Meanwhile, Taylor turned his attention to something entirely different. Success! was a backstage musical, loosely based on Faust, and set in New York. Peppered with parody and pastiche, with additional lyrics by Vivian Wadham, its typical, and often cynical, view of the ups and downs of showbusiness was accompanied by a jazzy and sometimes tender score, with Claire Moore, Lon Satton, Kathryn Evans, Jessica Martin and Maurice Clarke forming the CD cast. By the time Success! made its debut at the Civic Theatre, Rotherham, in September 1995, Taylor had returned to the classics, in the form of Jane Austen’s Pride And Prejudice. With Claire Moore as Elizabeth Bennet and Peter Karrie in the role of Darcy, the concept album also featured Gay Soper, Janet Mooney, James Staddon and Christopher Biggins as Mr. Collins. Stand-out tracks were considered to be ‘Through The Eyes Of A Child’, ‘Good Breeding’ and ‘Thank God They’re Married’. Pride And Prejudice was introduced to US audiences, complete with five new songs, by the Public Theatre Company of Peoria, Illinois, in January 1995. Taylor’s musical interpretation of the Austen novel was considered to be closer to its source than the 1959 Broadway version, First Impressions (Austen’s original title for the book), which starred Hermione Gingold. In direct contrast to the subtleties of Pride And Prejudice, Taylor’s Nosferatu: The Vampire (lyrics with Eric Vickers) proved a haunting, sombre affair. It was based on the silent black-and-white film of the Dracula tale by the German director F.W. Murnau. Prominent in its sung-through score was the opening ‘Wild Talk Of Vampires’, along with mysterious and unsettling items such as ‘And Sheep Shall Not Safely Graze’, ‘Worms Feed On My Brains’, ‘Ship Of The Dead’, ‘Blasphemy’ and ‘Somewhere At The Edges Of Creation’. Once again, the album cast was led by Claire Moore (as Mina) and Peter Karrie (as Nosferatu), supported by Mario Frangoulis, Mark Wynter, Barry James, Annalene Beechey and Simon Burke. The world premiere was staged at the Madison Theatre, Illinois, in September 1995, and the show had its first European performances a month later in Eastbourne. Both productions were extremely well received. Having achieved considerable success with his adaptations of Brontë and Austen, Taylor did what several other composers, notably Cole Porter (Kiss Me, Kate), and Leonard Bernstein and Stephen Sondheim (West Side Story), had done before him - looked to the works of William Shakespeare. In this case it was the bard’s Much Ado About Nothing, abbreviated to Much Ado (additional lyrics: Vickers), that came in for the Taylor treatment. Once again, there was a stellar CD cast, which included Paul McGann (Benedick), Claire Moore (Beatrice), Simon Burke (Claudio), Janet Mooney (Hero), Barry James (Leonato), David Pendelbury (Dogberey) and Peter Karrie (Don John). Once again, Taylor’s skill in writing convincing period music was apparent in songs such as ‘If I Could Write A Sonnet’, ‘I’ll Never Love Again’, ‘The Sweetest Kiss’, ‘Now I Hear Symphonies’, and ‘This Strange Affliction Called Love’, as well as the humorous ‘The Officers Of The Watch’ and ‘Never Satisfied’.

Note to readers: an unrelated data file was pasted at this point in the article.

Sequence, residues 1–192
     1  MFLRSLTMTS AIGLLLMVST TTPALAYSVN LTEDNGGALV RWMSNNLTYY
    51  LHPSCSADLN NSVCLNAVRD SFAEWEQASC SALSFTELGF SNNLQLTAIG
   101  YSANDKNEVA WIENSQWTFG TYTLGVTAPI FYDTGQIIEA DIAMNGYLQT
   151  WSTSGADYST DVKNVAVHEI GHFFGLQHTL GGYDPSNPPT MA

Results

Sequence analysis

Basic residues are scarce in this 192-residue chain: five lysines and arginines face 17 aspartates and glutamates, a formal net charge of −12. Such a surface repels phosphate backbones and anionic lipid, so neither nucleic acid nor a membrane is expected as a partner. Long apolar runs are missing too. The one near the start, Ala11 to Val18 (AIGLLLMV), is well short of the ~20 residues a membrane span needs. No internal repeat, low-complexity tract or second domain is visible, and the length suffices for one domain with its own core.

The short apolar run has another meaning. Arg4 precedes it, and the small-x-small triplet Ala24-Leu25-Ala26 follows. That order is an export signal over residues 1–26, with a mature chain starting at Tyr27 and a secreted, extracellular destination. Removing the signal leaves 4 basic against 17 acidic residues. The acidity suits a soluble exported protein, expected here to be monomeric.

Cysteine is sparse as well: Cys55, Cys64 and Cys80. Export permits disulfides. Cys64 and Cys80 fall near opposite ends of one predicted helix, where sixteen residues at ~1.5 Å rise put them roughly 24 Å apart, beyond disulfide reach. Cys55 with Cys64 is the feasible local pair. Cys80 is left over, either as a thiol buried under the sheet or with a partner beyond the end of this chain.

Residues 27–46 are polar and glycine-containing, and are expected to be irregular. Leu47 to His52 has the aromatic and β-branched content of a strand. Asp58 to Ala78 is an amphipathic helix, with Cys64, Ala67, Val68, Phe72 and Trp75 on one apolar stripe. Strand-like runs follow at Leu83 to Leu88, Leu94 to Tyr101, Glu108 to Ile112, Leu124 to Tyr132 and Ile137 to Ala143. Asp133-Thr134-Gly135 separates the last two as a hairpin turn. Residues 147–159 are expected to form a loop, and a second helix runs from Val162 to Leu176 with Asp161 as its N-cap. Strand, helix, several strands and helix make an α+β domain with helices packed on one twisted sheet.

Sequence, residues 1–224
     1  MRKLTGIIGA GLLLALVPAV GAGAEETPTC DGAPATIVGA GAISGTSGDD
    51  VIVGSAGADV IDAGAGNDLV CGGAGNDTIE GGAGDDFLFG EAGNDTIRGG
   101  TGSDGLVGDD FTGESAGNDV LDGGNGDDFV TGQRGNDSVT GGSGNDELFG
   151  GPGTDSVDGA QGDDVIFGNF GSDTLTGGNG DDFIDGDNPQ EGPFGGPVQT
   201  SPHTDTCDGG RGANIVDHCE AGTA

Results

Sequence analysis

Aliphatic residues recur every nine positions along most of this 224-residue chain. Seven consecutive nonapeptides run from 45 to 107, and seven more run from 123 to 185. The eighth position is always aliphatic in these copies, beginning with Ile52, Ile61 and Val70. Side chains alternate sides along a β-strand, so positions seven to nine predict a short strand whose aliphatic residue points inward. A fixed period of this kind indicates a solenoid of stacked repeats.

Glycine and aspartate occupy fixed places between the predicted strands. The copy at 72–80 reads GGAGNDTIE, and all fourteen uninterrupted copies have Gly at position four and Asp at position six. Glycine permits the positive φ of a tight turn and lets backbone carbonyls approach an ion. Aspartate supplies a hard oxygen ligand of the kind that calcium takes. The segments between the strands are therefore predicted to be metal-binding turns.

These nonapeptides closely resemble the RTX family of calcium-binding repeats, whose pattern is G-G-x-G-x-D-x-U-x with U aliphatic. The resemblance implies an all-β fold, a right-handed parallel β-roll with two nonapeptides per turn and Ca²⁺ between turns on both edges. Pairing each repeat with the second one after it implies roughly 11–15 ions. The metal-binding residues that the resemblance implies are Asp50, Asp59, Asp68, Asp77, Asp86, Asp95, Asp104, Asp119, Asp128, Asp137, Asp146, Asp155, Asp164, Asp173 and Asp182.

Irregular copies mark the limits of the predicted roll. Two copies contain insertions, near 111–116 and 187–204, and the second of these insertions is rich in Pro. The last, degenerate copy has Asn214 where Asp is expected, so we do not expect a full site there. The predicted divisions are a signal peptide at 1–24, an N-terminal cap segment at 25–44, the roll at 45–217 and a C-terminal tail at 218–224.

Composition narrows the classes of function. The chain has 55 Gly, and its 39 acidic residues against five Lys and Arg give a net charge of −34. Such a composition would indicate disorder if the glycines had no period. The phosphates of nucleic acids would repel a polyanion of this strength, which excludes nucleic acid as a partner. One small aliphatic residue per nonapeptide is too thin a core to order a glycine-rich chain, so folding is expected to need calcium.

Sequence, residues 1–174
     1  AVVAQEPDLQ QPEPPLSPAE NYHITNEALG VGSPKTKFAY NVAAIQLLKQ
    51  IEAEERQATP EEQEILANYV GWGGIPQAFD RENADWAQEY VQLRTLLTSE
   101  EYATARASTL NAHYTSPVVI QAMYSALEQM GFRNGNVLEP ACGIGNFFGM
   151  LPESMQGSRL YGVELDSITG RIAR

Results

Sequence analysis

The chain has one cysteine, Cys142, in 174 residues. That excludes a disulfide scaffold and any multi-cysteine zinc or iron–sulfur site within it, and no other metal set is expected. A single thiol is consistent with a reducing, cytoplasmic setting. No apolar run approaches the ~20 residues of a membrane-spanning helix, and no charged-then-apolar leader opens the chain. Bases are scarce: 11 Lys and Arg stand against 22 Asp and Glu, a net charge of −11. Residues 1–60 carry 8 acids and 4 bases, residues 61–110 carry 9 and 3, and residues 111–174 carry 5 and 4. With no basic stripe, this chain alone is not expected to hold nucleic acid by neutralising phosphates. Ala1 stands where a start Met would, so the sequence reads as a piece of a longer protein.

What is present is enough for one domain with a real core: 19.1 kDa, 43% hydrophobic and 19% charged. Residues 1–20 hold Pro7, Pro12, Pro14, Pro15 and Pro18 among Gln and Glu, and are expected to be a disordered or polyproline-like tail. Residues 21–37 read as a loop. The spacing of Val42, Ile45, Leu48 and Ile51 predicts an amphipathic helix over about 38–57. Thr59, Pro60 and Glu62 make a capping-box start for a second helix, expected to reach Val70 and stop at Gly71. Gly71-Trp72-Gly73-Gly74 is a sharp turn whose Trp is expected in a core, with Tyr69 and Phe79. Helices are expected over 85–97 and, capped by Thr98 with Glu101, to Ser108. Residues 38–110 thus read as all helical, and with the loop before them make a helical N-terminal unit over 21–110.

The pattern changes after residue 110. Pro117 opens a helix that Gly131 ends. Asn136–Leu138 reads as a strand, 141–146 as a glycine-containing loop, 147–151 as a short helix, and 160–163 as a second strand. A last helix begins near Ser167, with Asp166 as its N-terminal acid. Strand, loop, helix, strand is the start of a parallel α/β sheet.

As the 90s drew to a close, Taylor, in collaboration with orchestrator Gareth Price, attempted ‘to portray some of the key developments in the advance of civilization over the past 1, 000 years’ via his Millennium Suite. Released on CD and performed by the Polish State Philharmonic Orchestra of Latowice, conducted by Jerzy Swoboda, the suite comprised ‘The Birth Of Chivalry’, ‘The Age Of Oppression’, ‘The Enlightenment’, ‘The Road To Democracy’ and ‘The Triumph Of Democracy’. The climax of the programme came with ‘Victory Overture’, a celebration of the end of World War II. After featuring on the majority of Taylor’s concept albums, Claire Moore, who has starred in the West End in shows such as Aspects Of Love and The Phantom Of The Opera, released the solo albums Songs From The Musicals Of Bernard J. Taylor and Child Of The Earth. The latter comprised Taylor compositions, apart from John Lennon’s ‘Imagine’.